Brexit: Amber Rudd says fisheries won't 'stop' trade negotiations
The former Home Secretary told the BBC’s Politics Live programme that fishing has an important place in trade negotiations with the European Union but it will not stop both parties agreeing on a deal. She added that a compromise where the EU has access to British waters for a number of years after Brexit will mostly be agreed upon as the UK is not ready to scale up its fishing industry.
The BBC’s Jo Coburn asked: “Should the Brexit deal live and die over fish and control of our waters?”
Ms Rudd replied: “Fish has an important place in the negotiations, a lot of people did feel that they voted for Brexit in order to have independent control of the waters.
“It became a hugely significant and symbolic part of Brexit.
“A lot of the Brexit campaign was about symbolism and sovereignty rather than the harsh reality of economics of life.
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“I do think it is going to have an important part in the negotiations, but I do not think it will stop it.”
She continued: “Ultimately, I think both sides the EU and even Macron and UK will be able to come to an agreement because it will be about some sort of compromise over a period of years.
“Quite frankly that will suit the UK because however much of our fishing waters we reclaim we are not ready to fish that amount all over again.
“So, we are going to need a period of a few years.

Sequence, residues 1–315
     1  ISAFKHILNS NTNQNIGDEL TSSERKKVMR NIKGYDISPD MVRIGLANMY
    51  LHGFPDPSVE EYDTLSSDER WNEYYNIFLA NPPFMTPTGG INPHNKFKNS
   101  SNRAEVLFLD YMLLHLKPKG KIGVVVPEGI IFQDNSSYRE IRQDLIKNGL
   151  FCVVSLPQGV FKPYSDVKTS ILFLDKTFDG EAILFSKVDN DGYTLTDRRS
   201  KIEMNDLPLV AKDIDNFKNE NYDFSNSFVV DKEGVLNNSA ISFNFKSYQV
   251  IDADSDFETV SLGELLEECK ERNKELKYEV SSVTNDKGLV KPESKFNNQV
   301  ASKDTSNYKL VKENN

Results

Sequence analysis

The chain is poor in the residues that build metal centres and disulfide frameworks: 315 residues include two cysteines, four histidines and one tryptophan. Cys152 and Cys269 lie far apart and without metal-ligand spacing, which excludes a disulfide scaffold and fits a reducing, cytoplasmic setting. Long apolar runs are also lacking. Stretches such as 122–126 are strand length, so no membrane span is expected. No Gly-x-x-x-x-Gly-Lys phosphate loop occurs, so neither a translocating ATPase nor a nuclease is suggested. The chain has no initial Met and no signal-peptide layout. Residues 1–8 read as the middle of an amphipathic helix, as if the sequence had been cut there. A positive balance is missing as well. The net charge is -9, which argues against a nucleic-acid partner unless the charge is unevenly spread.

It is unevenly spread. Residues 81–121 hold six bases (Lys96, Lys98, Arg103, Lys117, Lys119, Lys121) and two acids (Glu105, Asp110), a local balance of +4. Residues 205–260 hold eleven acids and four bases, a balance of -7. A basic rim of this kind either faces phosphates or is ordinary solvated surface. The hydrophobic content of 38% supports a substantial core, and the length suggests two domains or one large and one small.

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“Therefore, I am confident it will not be a mechanism that will stop a deal taking place.”
The UK and EU remain in talks over a post-Brexit trade agreement.
However, the deadline for the free trade agreement to be struck is rapidly approaching.
A trade deal will need to be agreed upon before the December 31, 2020 deadline in order to be ratified by the UK and EU Parliament.
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The major sticking points throughout the final phase of the negotiations have been the EU’s insistence on a level playing field and access to British waters.
On Wednesday Boris Johnson told the House of Commons there was every chance a trade agreement could still be struck with the EU.
Mr Johnson said: “There is every opportunity that our partners across the channel will see sense and do a deal.
“The UK has a natural right like every other country to want to be able to control its own laws and fishing grounds.
“But whatever happens, in the next few days I know this country will prosper mightily on the terms we agreed, whatever they may be.”
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